Three studies have used rTMS to reduce tics targeting the supplementary motor area (SMA) due to its connections with cortical and subcortical motor areas [13]. Only the study by Wu et al. involved a randomized, double blinded, sham controlled design. In this study, participants with Tourette syndrome/chronic tic disorders between 10 and 22 years of age (n=12) were randomized to functional MRI navigated sham or active 30Hz continuous theta burst stimulation (cTBS) on two consecutive days. No differences in tic reduction were identified between active and sham groups, though cTBS was well tolerated [14].

In a recent study, ten children with Tourette syndrome (eight males, two females; 9–15y) participated in an open-label, phase 1 clinical trial. Treatment consisted of 1800 low-frequency (1Hz) neuronavigated robotic rTMS (100% resting motor threshold) to the SMA, bilaterally for 15 sessions. The primary outcome was a decreasing in Yale Global Tic Severity Scale (YGTSS) total score from baseline to posttreatment and All procedures were well-tolerated[15].

In children and adolescents with schizophrenia:

Jardri et al. reported on the treatment of an 11-year-old boy with medication resistant schizophrenia. This patient had a high level of impairment, aggression, and had struggled with delusions and hallucinations for 2 years. Antipsychotic medications had been ineffective and problematic due to side effects. An fMRI scan displayed increased auditory cortex activity with concurrent auditory hallucinations. This boy subsequently received 10 sessions of 1 Hz rTMS administered to the left temporoparietal cortex. His auditory hallucinations decreased by 50% as assessed by the Auditory Hallucinations Rating Scale. His progress was maintained with repeated sessions over 5 weeks. Based on the Children’s Global Assessment Scale his functioning improved as well. As a result, he was discharged home, and returned to school. There were no side effects or adverse effects during the rTMS treatment course[16].

Expected benefits of rTMS in children and adolescents:

Currently, 40% of adolescents with major depressive disorder (MDD) fail to respond to treatment with an antidepressant medication or evidence-based psychotherapy, resulting in treatment-resistant depression. In successfully treated youth, the relapse rates for depression are as high as 50-75%. Additional limitations include the need for monitoring adherence to antidepressant medications which are often discontinued due to difficulties tolerating side effects. In autism, there are no effective biomedical interventions that target core symptoms. Although rTMS requires a commitment of time and resources up front, it is an attractive option as it targets specific brain circuitry, treatment can be personalized and its use may limit or eliminate the need for long term medication treatment or monitoring for adherence. rTMS may also be helpful in minimizing multiple psychotropic medication treatments used in treating refractory depression and the resulting exposure to adverse effects.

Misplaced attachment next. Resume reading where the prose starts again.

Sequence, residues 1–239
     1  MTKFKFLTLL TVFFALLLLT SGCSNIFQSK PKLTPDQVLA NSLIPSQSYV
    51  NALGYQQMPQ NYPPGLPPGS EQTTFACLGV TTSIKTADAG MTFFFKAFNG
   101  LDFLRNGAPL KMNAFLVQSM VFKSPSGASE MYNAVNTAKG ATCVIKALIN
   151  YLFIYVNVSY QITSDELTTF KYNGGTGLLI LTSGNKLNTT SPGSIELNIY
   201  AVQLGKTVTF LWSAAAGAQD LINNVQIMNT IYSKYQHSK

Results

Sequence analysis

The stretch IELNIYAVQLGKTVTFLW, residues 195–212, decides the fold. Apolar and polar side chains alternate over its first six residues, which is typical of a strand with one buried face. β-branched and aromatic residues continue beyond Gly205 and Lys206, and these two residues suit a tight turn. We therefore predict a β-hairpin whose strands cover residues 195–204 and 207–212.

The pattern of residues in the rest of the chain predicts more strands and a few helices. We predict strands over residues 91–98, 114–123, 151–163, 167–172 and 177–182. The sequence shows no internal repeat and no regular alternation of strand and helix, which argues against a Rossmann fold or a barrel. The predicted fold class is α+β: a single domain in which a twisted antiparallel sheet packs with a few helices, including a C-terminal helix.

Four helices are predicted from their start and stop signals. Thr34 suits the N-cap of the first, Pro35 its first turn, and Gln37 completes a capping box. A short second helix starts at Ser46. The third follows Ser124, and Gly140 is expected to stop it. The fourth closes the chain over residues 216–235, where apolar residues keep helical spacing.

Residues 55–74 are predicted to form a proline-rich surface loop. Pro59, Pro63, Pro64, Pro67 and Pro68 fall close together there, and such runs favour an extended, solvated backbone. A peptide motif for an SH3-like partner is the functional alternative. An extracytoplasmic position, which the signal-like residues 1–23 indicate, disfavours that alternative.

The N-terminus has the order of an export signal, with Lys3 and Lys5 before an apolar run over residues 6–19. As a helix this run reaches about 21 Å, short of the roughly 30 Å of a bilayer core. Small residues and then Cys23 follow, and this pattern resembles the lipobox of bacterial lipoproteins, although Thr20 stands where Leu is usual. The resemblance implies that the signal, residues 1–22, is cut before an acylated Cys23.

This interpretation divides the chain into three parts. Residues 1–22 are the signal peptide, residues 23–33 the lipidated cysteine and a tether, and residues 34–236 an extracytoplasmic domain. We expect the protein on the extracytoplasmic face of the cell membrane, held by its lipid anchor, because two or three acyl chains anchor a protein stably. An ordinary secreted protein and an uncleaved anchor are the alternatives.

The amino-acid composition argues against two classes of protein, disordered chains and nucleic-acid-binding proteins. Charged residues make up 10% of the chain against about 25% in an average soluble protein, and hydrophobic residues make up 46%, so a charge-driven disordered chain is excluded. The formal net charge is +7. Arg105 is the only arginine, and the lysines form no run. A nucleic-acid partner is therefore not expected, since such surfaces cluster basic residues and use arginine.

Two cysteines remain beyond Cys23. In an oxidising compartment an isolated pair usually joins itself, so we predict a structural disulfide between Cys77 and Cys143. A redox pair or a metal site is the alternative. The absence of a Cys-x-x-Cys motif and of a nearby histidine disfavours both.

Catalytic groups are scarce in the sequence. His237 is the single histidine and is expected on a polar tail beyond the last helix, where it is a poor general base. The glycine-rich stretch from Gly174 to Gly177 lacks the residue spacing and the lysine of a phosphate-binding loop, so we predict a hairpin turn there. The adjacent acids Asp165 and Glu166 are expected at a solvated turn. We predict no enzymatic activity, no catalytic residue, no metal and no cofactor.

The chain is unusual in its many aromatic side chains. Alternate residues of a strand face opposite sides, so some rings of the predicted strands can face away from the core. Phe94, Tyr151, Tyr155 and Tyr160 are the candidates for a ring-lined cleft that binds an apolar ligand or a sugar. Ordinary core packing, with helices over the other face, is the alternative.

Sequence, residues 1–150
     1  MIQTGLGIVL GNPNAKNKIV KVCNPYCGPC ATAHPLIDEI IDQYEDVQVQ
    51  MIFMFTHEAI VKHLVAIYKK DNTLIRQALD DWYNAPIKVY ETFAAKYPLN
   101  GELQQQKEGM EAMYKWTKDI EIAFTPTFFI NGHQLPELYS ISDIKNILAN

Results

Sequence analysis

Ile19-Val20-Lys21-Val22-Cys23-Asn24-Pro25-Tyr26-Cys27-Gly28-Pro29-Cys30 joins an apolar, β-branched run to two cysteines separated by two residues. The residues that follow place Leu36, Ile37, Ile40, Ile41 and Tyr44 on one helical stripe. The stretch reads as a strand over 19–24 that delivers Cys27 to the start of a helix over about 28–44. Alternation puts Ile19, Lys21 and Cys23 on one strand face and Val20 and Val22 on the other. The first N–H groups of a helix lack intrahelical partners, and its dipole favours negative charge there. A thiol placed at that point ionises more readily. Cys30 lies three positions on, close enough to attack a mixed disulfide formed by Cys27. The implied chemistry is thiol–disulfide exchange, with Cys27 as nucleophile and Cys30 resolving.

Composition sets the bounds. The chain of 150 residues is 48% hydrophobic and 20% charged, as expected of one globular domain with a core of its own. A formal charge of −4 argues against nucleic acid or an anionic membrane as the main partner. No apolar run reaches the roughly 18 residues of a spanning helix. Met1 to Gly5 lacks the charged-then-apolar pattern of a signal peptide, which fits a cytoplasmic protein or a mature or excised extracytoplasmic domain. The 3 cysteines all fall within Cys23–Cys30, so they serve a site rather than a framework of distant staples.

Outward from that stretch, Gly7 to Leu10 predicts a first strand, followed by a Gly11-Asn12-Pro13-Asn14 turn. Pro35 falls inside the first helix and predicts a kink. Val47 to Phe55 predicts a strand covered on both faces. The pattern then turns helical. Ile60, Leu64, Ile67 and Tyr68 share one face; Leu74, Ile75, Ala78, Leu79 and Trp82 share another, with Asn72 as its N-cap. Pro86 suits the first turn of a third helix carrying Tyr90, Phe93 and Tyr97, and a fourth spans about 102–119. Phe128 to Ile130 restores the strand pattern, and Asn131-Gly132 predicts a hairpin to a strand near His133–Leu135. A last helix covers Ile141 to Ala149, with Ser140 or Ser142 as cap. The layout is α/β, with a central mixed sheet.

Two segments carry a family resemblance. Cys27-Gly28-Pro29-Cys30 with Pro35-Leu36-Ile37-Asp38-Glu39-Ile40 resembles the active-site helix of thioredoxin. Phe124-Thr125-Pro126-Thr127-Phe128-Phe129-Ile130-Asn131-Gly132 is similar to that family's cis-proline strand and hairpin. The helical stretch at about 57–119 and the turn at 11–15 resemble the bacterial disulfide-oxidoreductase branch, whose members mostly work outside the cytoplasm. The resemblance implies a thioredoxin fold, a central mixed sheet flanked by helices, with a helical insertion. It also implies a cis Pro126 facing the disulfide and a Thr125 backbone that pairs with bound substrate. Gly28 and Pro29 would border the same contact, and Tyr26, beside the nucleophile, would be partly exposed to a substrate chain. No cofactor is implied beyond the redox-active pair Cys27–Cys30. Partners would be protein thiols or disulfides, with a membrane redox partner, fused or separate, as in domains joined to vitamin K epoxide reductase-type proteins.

While rTMS is unlikely to take the place of more accessible treatments, rTMS may in future provide a valuable alternative mental health treatment option, particularly for those individuals where conventional treatments are inaccessible, poorly tolerated, or ineffective. The fact that at least half of mental health conditions have their onset in the adolescent period and evidence that ineffective treatment leads to long term morbidity underscores the critical need to develop promising new mental health treatments for children and youth. Thus, while rTMS is not clinic-ready for any mental health target in children and youth, for the above reasons, further research and development of rTMS intervention options are critically needed[3].

Conclusion:

rTMS is a non-invasive tool with applications in clinical and neurophysiological research. At present the majority of psychiatric studies involve adult depression. However, researchers are now utilizing this modality in pediatric populations. Ethical principles and mitigation of risks for vulnerable subjects must remain at the forefront of every study in this area.

Future work in this area could serve to develop rTMS as a clinical intervention in child and adolescent psychiatry and a tool for developmental neuroscience. This will involve optimization of stimulation site, stimulation parameters, and the role of rTMS in existing treatment guidelines.

References:

[1]Barker AT, Jalinous R, Freeston IL. Non-invasive magnetic stimulation of human motor cortex. Lancet. 1985 ;1(8437) :1106-7.].

[2]Paul E. Croarkin, Christopher A. Wall & Jon Lee (2011) Applications of transcranial magnetic stimulation (TMS) in child and adolescent psychiatry, International Review of Psychiatry, 23:5, 445-453, DOI: 10.3109/09540261.2011.623688